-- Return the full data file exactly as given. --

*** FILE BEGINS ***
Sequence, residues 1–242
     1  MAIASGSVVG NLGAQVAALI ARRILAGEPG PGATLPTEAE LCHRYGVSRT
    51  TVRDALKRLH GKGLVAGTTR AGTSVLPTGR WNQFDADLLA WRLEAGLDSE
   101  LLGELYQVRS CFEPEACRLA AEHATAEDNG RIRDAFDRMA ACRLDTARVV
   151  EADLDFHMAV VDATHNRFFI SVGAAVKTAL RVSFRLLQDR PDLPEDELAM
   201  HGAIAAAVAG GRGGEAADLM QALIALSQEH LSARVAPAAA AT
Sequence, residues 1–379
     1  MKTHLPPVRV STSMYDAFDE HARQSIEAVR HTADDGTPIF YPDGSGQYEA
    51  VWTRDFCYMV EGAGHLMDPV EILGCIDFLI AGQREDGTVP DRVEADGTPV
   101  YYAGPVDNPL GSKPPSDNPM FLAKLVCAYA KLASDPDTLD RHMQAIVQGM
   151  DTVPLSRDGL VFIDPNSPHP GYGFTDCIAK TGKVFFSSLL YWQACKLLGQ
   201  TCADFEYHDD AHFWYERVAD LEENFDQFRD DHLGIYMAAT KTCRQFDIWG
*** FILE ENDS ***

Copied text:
Sequence, residues 1–242
     1  MAIASGSVVG NLGAQVAALI ARRILAGEPG PGATLPTEAE LCHRYGVSRT
    51  TVRDALKRLH GKGLVAGTTR AGTSVLPTGR WNQFDADLLA WRLEAGLDSE
   101  LLGELYQVRS CFEPEACRLA AEHATAEDNG RIRDAFDRMA ACRLDTARVV
   151  EADLDFHMAV VDATHNRFFI SVGAAVKTAL RVSFRLLQDR PDLPEDELAM
   201  HGAIAAAVAG GRGGEAADLM QALIALSQEH LSARVAPAAA AT
Sequence, residues 1–379
     1  MKTHLPPVRV STSMYDAFDE HARQSIEAVR HTADDGTPIF YPDGSGQYEA
    51  VWTRDFCYMV EGAGHLMDPV EILGCIDFLI AGQREDGTVP DRVEADGTPV
   101  YYAGPVDNPL GSKPPSDNPM FLAKLVCAYA KLASDPDTLD RHMQAIVQGM
   151  DTVPLSRDGL VFIDPNSPHP GYGFTDCIAK TGKVFFSSLL YWQACKLLGQ
   201  TCADFEYHDD AHFWYERVAD LEENFDQFRD DHLGIYMAAT KTCRQFDIWG